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By Brian Waple

In Matthew 23:25-26, Jesus declares, “What sorrow awaits you teachers of religious law and you Pharisees. Hypocrites! For you are so careful to clean the outside of the cup and the dish, but inside you are filthy—full of greed and self-indulgence! You blind Pharisee! First wash the inside of the cup and the dish, and then the outside will become clean, too” (NLT).

That’s a pretty strong indictment! How often have you read Jesus’ criticism of the Pharisees and thought, “Man, I’m sure glad I’m not like them.” But how often do we read this and take an honest look at what motivates us? I’m certainly not saying that we are “filthy,” or “full of greed and indulgence.” However, I’m sure there are times when it’s our own human nature (rather than prayerful consideration and discernment) that drives a decision or particular course of action. I think part of what Jesus is saying is that before we allow ourselves to take a step that may have serious consequences, we need to take a moment and discern what is driving our decision. It might be good to ask the question, “How much of my human nature am I allowing to make the decision?”

In his book The Freedom of Self Forgetfulness, Tim Keller uses Paul’s first letter to the Corinthians to illustrate what Keller calls the transformed view of self, or “simply thinking of myself less.” He shows that it’s often our pride that drives what we do and how we react, and it is our pride that makes us believe we need to perform to some standard to be validated in the eyes of men. Pride will drive greed and self-indulgence; pride will drive intolerance; pride will drive us to be critical; pride will make us selfish; pride will drive our desire to be accepted. But by putting our pride aside (that is, thinking of ourselves less), we can discover what it means to be open to where the Spirit is leading and be willing to see what God may be showing us.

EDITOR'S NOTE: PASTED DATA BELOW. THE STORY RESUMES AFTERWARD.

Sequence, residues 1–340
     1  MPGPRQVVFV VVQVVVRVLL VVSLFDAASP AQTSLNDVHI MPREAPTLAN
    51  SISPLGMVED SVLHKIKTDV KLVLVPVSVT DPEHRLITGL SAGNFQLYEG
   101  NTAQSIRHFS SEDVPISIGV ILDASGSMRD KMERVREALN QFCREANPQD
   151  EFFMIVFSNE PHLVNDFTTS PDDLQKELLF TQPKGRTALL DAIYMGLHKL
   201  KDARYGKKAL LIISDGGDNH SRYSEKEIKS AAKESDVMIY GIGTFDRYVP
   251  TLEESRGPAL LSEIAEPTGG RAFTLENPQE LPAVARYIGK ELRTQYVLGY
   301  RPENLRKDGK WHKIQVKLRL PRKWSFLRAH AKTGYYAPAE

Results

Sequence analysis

Keller says, “In Christianity, the moment we believe, God imputes Christ’s perfect performance to us as if it were our own, and adopts us into His family. In other words, God can say to us just as He once said to Christ, ‘You are my Son, whom I love; with you I am well pleased.’” As believers, God is already well pleased with us, and doesn’t require any pride-motivated performance to gain His approval.

It is by thinking of ourselves less that we can truly be open to the needs of others. It is by laying aside our pride that we can be open and present to God’s leading. And, in turn, it is by trusting in God’s faithfulness that we can be assured that the inside of our cup is just as clean as the outside.

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